The foreign-language effect: Thinking in a foreign tongue reduces decision biases

American research, September 2012

The Power of “OUT” – LGBT in the WorkplaceDecision-making is influenced by the information that we systematically process, as well as our emotional system (what we value). It is the latter that can often leave us open to decision biases. So, how can we ensure that our decisions are, so far as is possible, unbiased?

This research, conducted by Professor Boaz Keysar, and graduate students Sayuri Hayakawa and Sun Gyu An from the University of Chicago, explored the influence of language on making decisions. They posed the question, “would you make the same decisions in a foreign language as you would in your native tongue?” (Keysar, Hayakawa & Sun Gyu An, 2012).

In essence, the researchers found that decisions made in a foreign language were less biased than decisions made in a native tongue. A key finding was that cognition in a foreign language provided greater emotional distance during the decision-making process. Of course, this begs the question how can this finding help individuals within a workplace setting aside from learning and communicating in a second language?


This research aimed to explore whether language impacts our ability to make decisions.


Experiment 1

Experiments 1a through to 1c tested for ‘framing’ effects (i.e. how we frame a decision). When faced with a choice between saving the lives of 200 out of 600 people, or to take a chance at saving all or none (a gain-frame scenario), this research suggested participants were more likely to prefer saving 200 lives. Yet when this decision was framed differently, to lose the lives of 400 out of 600 people or to take a chance at losing all or none (a loss-frame scenario), participants were more willing to take the risk. The differing preferences for the two identical scenarios demonstrated how emotion can influence decision making.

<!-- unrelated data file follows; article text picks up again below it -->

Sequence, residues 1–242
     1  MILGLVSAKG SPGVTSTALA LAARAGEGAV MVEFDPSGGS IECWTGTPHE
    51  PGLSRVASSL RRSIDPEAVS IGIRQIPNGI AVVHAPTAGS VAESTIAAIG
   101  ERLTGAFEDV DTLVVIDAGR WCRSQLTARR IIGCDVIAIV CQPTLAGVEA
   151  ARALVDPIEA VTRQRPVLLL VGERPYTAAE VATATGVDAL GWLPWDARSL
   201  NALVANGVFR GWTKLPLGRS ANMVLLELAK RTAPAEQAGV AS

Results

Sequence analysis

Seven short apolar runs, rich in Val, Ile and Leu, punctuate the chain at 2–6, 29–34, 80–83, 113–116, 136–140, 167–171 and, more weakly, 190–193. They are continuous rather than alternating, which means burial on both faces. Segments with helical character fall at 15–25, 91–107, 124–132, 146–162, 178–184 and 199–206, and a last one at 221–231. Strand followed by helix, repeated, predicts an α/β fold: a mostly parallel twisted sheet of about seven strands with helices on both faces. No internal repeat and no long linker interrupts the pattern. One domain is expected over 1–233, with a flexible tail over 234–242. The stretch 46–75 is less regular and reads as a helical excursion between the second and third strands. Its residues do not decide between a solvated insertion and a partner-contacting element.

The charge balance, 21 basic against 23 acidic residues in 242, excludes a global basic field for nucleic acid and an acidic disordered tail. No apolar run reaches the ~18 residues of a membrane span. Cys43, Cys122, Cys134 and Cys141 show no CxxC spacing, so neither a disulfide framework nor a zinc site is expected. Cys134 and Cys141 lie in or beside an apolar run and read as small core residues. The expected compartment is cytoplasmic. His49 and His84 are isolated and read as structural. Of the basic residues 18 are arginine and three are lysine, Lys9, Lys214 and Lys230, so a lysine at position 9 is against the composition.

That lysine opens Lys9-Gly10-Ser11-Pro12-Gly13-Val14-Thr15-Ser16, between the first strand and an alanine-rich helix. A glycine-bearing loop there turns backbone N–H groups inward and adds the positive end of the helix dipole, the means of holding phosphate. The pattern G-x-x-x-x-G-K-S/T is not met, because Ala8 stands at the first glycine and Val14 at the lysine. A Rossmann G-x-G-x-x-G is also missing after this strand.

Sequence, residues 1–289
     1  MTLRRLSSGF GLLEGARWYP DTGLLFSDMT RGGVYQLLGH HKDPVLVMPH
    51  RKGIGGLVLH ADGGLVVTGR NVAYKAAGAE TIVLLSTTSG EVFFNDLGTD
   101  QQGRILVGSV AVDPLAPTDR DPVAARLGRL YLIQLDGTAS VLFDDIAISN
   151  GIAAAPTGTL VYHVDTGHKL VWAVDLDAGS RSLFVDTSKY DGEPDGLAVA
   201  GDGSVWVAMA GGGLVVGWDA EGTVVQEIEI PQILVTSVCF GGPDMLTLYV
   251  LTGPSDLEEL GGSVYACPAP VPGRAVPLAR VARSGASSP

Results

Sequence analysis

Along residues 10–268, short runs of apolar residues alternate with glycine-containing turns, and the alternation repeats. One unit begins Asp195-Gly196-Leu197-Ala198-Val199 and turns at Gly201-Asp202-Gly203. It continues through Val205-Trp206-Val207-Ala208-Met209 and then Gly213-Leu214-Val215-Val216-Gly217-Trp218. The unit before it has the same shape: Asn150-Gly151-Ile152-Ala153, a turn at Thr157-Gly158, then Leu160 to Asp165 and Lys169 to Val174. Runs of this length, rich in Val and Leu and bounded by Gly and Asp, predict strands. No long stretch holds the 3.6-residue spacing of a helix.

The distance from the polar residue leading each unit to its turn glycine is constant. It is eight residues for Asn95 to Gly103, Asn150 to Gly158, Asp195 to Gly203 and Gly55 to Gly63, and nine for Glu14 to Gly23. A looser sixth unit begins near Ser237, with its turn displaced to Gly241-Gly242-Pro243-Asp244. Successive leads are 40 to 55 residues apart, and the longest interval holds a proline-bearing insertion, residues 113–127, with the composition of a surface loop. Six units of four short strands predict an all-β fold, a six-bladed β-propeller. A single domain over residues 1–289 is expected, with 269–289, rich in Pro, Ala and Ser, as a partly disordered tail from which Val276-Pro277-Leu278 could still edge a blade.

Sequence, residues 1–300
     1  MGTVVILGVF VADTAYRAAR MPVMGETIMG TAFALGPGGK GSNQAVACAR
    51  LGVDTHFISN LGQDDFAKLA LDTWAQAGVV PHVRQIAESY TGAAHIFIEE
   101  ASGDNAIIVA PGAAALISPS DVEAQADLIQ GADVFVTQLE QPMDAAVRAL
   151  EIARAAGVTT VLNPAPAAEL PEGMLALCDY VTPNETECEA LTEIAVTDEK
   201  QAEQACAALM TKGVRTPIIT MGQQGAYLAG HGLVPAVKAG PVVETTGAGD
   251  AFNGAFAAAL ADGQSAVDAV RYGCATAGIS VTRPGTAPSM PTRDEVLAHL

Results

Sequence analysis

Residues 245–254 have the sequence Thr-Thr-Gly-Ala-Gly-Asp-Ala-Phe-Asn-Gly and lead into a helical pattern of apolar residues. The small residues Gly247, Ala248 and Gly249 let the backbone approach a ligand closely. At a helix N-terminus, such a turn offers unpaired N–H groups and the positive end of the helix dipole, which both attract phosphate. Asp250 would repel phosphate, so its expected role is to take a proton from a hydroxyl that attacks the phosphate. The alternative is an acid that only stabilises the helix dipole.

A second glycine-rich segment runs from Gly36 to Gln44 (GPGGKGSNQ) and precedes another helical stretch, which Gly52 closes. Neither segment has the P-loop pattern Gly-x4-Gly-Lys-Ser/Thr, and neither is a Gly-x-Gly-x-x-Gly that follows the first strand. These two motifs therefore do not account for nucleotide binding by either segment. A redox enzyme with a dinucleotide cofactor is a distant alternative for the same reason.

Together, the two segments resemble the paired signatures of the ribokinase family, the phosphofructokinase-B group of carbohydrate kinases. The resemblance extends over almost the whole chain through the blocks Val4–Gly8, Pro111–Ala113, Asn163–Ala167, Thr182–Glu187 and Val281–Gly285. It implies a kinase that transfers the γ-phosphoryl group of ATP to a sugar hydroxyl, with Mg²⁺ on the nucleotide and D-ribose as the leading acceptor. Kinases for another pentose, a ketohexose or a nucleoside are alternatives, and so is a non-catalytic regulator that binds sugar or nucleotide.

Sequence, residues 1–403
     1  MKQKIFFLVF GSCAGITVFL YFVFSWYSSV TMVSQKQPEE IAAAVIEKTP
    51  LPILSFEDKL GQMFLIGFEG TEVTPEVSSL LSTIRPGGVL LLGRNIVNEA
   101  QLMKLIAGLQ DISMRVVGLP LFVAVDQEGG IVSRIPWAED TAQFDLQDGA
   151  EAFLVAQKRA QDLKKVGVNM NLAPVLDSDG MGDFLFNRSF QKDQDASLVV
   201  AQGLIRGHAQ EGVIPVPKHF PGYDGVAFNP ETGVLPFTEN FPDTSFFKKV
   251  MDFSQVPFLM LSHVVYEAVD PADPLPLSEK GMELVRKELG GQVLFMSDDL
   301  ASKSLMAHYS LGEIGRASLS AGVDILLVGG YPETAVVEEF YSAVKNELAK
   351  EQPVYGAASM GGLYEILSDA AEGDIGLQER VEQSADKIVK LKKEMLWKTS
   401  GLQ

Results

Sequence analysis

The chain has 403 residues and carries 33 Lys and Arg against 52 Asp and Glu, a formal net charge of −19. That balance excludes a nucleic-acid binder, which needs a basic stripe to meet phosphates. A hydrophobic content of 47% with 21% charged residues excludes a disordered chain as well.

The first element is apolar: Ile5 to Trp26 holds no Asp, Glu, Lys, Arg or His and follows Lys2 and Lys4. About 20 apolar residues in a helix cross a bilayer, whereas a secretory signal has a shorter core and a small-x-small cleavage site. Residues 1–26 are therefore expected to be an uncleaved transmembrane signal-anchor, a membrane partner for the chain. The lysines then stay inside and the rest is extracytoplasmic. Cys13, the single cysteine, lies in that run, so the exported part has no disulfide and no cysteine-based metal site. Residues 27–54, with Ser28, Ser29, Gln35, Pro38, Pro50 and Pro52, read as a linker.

Using similar scenarios, participants were asked to make a choice between Option A (a certainty of people or jobs, lost or saved) or Option B (taking the ‘all or none’ chance, with unfavourable odds). Experiment 1a included 121 students from universities in Chicago, Illinois, Raleigh and North Carolina. All were native English speakers who spoke fluent Japanese. Participants were randomly assigned to either a ‘gain-frame’ or ‘loss-frame’ version of the scenario.

Similarly, experiment 1b included 144 students from Chung Nam National University in Daejeon, Korea. Participants performed the task in either their native tongue (Korean), or in a foreign language (English). Experiment 1c included 103 native speakers of English, who were studying in Paris, France. In experiment 1d, the researchers completed a control experiment with 84 University of Chicago students, to ensure that the previous experiments were not due to random selection by participants.

Experiment 2

In Experiment 2, the researchers tested ‘loss aversion’ namely a mental framework in which an anticipated potential loss outweighs the positive impact of an identical potential gain. In this experiment, 146 native Korean speakers (with English as a foreign language) were presented with 18 equal-odds bets; all with a positive outcome (for example, lose $119 or win $170). The odds of the bet ranged from an unattractive 9/10 loss-to-gain ratio to a highly attractive 1/10 ratio. Participants made a decision on whether they would accept each bet.